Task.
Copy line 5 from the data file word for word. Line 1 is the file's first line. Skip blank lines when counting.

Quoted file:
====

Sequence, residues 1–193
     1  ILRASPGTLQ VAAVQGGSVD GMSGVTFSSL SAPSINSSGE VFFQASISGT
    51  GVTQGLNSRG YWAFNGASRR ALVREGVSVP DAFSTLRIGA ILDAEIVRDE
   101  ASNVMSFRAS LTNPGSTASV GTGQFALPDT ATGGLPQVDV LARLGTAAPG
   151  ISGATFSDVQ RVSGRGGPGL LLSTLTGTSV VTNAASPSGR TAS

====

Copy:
   151  ISGATFSDVQ RVSGRGGPGL LLSTLTGTSV VTNAASPSGR TAS